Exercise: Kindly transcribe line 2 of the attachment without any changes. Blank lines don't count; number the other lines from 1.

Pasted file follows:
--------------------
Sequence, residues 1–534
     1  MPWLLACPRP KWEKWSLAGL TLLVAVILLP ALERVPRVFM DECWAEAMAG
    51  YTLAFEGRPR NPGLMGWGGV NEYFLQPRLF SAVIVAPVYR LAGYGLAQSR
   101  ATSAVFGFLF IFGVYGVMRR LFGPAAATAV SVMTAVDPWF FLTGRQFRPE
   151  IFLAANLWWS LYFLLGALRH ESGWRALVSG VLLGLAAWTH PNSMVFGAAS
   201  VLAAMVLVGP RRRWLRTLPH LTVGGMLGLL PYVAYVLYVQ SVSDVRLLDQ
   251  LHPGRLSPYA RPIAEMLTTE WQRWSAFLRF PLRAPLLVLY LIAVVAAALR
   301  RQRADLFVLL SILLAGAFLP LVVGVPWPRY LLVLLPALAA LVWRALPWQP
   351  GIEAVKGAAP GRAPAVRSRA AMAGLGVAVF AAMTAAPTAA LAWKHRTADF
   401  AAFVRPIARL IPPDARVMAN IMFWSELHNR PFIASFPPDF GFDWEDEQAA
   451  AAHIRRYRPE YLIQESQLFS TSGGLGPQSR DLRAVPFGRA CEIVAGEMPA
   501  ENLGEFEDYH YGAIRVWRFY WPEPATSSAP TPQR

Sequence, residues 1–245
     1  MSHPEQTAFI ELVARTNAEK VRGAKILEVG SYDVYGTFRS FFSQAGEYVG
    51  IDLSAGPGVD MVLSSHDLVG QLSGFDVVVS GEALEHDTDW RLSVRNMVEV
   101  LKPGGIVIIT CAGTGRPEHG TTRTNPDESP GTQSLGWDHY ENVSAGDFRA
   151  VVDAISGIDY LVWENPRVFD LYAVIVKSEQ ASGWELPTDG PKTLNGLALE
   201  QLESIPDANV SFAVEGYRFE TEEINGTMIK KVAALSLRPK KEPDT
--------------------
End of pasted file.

     1  MPWLLACPRP KWEKWSLAGL TLLVAVILLP ALERVPRVFM DECWAEAMAG